2022 SURFers ride the wave to shore
The end of our third summer fellowship has been a great success! The 2022 Summer Undergraduate Research Fellowship wrapped up last week with a final hybrid symposium for the students to present their work. For several of them, it was the first opportunity they have had for a formal science presentation, and they all demonstrated their promise well in the preparation, smoothness, and poise of their presentations.
Savannah Crosby opened with her project “Which fish live where?” focused on examining how climate change-induced sea-level rise may cause shifts in estuarine fish biodiversity. Based out of the Heʻeia National Estuarine Research Reserve (Heʻeia NERR) and supervised by Dr. Shimi Rii and Dr. Fred Reppun, Savannah helped regularly collect and process water samples from 12 sites across the area that will be used for water quality and environmental DNA analyses. By making these collections during regular tidal activity as well as during the high King Tides of the summer months, they hope to evaluate any changes in fish populations alongside water quality parameters. Savannah also helped conduct visual monitoring of native and invasive fish species in the streams that lead to the fishpond, and among other events, she participated in several NERR Laulima restoration activities that benefit the fishpond and strengthen community engagement.
“Most importantly, I learned how to function as part of a lab and as part of a team,” Savannah said. “It was a very wonderful, busy summer!”
Justine Murray’s project also dealt with fish, but was focused on statistical analyses. For her project titled “Effects of marine protected areas (MPAs) on adjacent recreational fisheries,” she was helping with an ongoing project in Dr. Elizabeth Madin’s lab, at the Hawaiʻi Institute of Marine Biology (HIMB), to evaluate the benefits of protected areas on fish populations in the nearby regions of MPAs. Expanding on previous work from 2001 that looked at just a few species at one Florida MPA, Justine’s project set up the basis for future statistical analyses of world record size catches for 26 reef-associated species near (within 100 km) MPAs around the world. Preliminary results suggest there are significant positive spillover effects near to MPAs, with larger fish of many species.
“I learned a lot this summer,” said Justine. “I got to learn about R, for the first time. I learned a lot about science communication…All things I’ll take with me in my final year as a marine biology undergrad student.”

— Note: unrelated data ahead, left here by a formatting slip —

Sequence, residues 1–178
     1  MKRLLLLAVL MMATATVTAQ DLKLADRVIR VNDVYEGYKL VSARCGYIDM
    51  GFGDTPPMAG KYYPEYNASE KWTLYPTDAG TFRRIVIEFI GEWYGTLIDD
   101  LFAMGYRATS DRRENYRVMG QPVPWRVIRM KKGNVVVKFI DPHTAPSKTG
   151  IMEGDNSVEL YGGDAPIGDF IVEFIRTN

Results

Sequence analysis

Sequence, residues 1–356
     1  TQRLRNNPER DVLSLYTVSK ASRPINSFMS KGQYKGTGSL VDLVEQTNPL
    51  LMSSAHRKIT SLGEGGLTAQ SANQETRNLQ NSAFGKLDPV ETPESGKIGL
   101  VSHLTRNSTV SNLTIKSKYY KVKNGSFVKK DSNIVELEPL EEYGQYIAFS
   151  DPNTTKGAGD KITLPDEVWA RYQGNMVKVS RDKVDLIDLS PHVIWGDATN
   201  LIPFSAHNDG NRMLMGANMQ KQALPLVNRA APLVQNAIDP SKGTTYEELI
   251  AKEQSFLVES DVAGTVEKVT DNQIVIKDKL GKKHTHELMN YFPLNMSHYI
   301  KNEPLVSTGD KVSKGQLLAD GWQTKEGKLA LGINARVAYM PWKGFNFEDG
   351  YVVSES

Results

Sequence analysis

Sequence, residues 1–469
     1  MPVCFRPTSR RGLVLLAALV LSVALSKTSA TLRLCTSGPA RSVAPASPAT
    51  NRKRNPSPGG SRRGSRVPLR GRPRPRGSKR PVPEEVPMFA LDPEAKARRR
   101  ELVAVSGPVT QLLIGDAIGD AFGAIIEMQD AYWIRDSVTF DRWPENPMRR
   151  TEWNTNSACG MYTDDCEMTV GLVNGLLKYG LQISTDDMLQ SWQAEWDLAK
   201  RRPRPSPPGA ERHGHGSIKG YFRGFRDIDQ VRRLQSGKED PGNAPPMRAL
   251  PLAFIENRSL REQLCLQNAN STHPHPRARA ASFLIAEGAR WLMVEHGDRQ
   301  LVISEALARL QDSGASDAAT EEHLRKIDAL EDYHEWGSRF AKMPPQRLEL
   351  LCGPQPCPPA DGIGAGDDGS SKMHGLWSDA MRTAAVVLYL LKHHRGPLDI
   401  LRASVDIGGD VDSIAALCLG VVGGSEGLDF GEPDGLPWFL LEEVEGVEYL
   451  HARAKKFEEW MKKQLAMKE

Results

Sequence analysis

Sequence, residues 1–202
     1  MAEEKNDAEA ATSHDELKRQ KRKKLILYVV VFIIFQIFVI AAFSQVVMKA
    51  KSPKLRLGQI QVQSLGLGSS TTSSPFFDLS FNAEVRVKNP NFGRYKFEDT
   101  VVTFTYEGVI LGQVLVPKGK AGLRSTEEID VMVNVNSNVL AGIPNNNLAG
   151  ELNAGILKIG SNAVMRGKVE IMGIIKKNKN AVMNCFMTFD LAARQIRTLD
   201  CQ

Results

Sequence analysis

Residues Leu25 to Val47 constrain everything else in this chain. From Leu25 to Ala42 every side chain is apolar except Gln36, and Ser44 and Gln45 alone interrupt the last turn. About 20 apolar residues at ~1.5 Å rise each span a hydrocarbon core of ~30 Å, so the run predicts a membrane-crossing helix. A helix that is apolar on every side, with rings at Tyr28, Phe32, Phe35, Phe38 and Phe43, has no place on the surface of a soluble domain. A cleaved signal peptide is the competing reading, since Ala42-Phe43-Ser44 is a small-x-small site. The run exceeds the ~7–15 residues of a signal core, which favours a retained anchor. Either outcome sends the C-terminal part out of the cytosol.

Stryder Williams applied his experience with microbiology for a project in Dr. Michael Rappé’s HIMB lab titled “Predicting the effects of climate change on Synechococcus growth rates.” With marine temperatures climbing, the effects on the smallest ocean inhabitants are critical. Cyanobacteria form the foundation of the marine food web and are critical suppliers of oxygen to the world. Stryder conducted lab experiments to explore whether increasing temperatures benefit or hinder the growth of the Synechococcus cyanobacteria, in order to extrapolate to the effects that climate change may one day have on their global range. Preliminary results suggest that warmer temperatures may actually benefit this group, allowing it to expand its range, which could result in decreases of other phytoplankton species through competition. More experiments are planned to look at the effect of other future climate factors, like greater acidity and CO2 concentrations.
Elizabeth Peterson shifted the symposium focus away from the marine setting to botany with her presentation titled “Climate adaptation: Predicting the range shifts of invasive grasses in Hawaiʻi based on their photosynthetic pathways.” Working with Dr. Curt Daehler at UH Mānoa, Lizzie set up models to explore whether grasses with the most recently evolved photosynthetic mechanisms will prove to be the dominant species in a warming world. Using large data sets of where these grasses currently grow globally, Lizzie produced global species distribution models to apply to Hawaiʻi to predict local grass distributions under future climatic conditions. Preliminary results suggest some grasses may experience significant range shifts with climate change, but Lizzie plans to do more definitive tests to establish clear relationships to photosynthetic type for her further Honors thesis work this coming year.
“One special part of this summer was the people I was able to meet by being on campus and being able to network,” said Elizabeth.
Finally, Pierson Nitz Caldwell finished off the presentations looking at the “Practical reforestation of Acacia koa,” a project he worked on with Dr. Travis Idol from UH Mānoa with the goal of increasing the effectiveness of future koa restoration efforts. He first modeled, and then field tested, optimal sunlight parameters for koa samplings to grow at two differently forested locations on Oʻahu. As koa takes some time to grow, Pierson set up the growth experiments for hundreds of saplings and plans to continue the study in the fall semester with a directed research class to record growth results.
Pierson had a particularly interesting insight that he shared from his summer trials. He found that his scientific process was less of a linear path of “question, hypothesis, experiment, answer” as we are often taught in school, and more of a winding, backtracking path with theoretical ideas having to be reworked over and over when new problems are encountered during the act of putting experimental ideas into practice. “We encountered a problem; then we got a solution; then we had a problem; then we had a solution; and then we had a problem, and it kept going on and on and on, until it got more refined and more specific and we really understood the areas a lot better.”
A very useful experience for a future scientist to learn, as were all the experiences of our 2022 SURFers!